By Gali Halevi, MLS, PhD, Barnaby Nicolas, MSIS, Judit Bar-Ilan, PhD
Libraries have been looking for ways to measure the value of their collections for decades. Discovering the amount of downloads, citations and views of journal articles are some of the major methods used by librarians to define how much their collection are used by patrons and whether or not they should keep them. Altmetrics, mainly the ability to track the social impact of scientific artefacts via networks, introduced a new dimension to these evaluations. Nowadays, scientific impact can be measured via traditional metrics such as citations but also via alternate metrics such as downloads, views, clicks and so forth.
That being said, studying the scientific and social impact of books still remains a challenge. The main reason is that books vary in format, content and genre. Books not only adhere to disciplinary or multidisciplinary foci, but also differ in categorical type and targeted audiences. Within the general classification of books into “Fiction” or Non-fiction” classes, books also display a complex categorical structure which includes genres (i.e. science, drama, history) and types (i.e. encyclopedia, dictionary, text book).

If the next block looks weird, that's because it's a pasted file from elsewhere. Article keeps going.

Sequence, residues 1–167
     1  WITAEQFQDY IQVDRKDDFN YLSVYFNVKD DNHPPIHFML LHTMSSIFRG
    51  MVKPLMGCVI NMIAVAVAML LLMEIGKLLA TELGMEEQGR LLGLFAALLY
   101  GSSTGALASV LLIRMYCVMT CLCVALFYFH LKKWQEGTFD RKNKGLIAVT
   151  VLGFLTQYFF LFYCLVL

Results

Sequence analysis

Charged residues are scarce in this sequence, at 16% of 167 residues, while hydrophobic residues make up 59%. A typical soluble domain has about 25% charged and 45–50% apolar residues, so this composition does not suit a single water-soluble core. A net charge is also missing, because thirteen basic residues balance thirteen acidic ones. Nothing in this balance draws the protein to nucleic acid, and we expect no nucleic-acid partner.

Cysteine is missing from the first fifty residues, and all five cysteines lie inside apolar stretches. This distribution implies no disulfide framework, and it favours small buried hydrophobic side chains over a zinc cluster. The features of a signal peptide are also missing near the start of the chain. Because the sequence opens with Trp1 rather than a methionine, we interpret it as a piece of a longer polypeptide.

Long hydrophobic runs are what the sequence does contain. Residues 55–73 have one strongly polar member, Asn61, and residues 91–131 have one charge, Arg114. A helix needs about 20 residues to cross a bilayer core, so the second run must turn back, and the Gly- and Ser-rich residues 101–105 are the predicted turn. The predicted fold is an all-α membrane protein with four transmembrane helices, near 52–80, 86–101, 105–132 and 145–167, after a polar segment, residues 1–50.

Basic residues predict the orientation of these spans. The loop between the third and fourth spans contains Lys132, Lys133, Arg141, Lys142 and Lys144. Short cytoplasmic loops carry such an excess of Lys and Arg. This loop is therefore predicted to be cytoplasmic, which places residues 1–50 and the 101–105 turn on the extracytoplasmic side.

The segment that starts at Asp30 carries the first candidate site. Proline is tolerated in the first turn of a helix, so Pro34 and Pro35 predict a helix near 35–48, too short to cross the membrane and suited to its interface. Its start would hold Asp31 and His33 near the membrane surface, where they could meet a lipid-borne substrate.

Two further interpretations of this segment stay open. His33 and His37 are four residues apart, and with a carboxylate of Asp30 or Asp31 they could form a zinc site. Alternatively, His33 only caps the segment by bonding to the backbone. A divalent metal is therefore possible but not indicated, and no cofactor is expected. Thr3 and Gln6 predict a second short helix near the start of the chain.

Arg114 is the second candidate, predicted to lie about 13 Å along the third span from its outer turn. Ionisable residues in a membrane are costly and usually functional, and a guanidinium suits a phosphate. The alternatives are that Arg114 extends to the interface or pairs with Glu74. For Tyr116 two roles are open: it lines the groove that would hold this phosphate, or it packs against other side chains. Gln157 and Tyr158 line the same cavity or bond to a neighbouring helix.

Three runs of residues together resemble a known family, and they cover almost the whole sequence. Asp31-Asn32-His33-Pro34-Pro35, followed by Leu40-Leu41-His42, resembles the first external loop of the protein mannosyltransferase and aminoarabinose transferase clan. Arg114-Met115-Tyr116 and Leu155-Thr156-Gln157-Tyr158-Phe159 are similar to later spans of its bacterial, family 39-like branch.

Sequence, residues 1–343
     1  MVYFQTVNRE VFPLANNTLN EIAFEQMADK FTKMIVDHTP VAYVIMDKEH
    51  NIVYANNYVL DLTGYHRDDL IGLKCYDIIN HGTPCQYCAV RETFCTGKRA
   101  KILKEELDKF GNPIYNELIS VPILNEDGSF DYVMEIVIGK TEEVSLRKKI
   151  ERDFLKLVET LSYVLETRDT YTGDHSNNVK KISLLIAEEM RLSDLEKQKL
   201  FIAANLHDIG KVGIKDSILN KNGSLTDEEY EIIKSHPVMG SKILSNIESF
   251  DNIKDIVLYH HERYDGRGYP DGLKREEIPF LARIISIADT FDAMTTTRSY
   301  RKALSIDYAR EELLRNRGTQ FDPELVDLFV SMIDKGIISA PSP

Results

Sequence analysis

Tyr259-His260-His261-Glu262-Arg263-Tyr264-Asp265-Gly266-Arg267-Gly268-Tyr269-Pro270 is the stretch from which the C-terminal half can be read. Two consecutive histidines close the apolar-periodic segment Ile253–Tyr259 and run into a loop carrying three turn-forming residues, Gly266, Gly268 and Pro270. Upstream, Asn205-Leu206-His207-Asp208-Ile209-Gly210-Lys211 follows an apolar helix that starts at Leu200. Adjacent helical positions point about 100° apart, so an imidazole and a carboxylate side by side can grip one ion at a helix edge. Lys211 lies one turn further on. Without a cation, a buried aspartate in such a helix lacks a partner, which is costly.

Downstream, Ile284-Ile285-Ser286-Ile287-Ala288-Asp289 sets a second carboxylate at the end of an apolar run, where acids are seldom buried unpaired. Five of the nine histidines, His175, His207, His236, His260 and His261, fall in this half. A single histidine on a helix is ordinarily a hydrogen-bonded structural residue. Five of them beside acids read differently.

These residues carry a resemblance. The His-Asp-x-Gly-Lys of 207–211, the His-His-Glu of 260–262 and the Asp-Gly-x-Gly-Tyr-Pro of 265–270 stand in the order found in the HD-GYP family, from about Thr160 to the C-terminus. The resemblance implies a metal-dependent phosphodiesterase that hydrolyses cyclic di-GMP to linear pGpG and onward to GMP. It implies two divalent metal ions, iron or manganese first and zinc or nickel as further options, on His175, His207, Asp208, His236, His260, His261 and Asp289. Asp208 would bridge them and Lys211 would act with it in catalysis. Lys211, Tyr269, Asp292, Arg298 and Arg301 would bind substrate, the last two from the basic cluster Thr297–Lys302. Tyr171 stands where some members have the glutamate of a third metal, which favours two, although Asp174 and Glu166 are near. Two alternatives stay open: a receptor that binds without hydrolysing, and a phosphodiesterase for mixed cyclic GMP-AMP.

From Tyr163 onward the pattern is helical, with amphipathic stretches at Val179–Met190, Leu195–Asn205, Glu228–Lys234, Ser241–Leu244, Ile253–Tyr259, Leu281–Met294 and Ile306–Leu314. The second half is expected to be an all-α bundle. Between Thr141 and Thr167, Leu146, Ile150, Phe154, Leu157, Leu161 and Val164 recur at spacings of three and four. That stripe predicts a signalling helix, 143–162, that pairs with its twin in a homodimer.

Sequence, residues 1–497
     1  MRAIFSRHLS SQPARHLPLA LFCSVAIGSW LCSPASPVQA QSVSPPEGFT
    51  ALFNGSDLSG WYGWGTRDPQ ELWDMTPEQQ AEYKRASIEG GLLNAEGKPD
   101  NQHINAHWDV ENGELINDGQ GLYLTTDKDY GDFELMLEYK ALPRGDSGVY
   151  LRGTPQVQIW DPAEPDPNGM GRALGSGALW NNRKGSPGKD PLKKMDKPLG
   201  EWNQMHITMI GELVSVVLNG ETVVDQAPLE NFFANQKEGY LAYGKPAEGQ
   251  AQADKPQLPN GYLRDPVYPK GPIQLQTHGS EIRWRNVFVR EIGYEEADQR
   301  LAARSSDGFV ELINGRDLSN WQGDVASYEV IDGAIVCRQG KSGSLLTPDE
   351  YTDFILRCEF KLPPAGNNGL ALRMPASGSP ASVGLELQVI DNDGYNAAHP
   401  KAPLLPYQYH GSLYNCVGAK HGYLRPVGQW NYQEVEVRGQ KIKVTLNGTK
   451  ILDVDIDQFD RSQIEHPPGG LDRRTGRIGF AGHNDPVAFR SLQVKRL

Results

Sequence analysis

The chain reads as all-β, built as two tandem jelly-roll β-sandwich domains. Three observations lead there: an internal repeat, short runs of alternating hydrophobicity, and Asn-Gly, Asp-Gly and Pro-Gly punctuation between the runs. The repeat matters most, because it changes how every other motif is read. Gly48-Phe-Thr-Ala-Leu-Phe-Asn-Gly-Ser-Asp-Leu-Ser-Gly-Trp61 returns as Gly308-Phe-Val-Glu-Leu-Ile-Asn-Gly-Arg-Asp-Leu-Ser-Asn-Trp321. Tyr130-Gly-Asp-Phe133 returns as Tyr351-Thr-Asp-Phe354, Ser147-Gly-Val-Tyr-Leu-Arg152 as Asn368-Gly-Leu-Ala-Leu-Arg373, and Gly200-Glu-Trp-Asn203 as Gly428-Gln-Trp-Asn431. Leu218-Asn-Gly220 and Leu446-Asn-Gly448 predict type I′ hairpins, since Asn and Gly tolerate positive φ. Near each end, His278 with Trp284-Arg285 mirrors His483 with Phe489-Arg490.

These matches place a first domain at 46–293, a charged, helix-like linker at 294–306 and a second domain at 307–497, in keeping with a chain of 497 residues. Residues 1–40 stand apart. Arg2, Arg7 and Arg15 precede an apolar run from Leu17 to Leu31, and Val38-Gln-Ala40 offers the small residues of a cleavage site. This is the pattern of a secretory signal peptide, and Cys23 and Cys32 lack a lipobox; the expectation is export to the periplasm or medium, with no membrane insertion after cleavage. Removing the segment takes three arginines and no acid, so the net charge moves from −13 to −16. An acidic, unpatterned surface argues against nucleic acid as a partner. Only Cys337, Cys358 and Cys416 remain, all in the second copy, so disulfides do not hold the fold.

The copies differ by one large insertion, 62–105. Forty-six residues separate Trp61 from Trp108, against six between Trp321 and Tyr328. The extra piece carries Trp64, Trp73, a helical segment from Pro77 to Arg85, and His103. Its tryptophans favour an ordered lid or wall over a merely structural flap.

In addition, while many platforms can track the number of citations, downloads and views of single chapters of scientific and text books, hardly any can track altmetrics or offer a book-level aggregation of such impact.
Our study endeavored to discover whether there are scholarly evaluation metrics that can be applied to a wide range of books’ types and contents. We analyzed over 70,000 books and collected various metrics per each title including traditional and altmetrics measures. Our results show that books display different impact in each of the measurements and vary by types and content. There isn’t one measure that captures the impact of books across the board.
Therefore, we concluded that books should be evaluated by types and contents while using different measures per each. We believe that in order to capture the scientific impact of books, it will be important to use a variety of measures. Furthermore, in light of our analysis, we recommend using both traditional metrics such as citations and reviews as well as altmetrics such as social media mentions, downloads, reads and views. Using platforms such as PLUMx can assist in capturing such metrics.
We also recommend creating topic – related books data sets as well as type-related ones. In this manner, the evaluator can track different metrics around topics and types and compare them better. For example, a library looking to evaluate its books collection should create data sets of text books around a specific discipline and benchmark them against.
Full article DOI: 10.1007/s12109-016-9464-5
Image credit: http://www.spi-global.com/blog/innovation-lab/4-legitimate-sites-that-provide-free-e-books/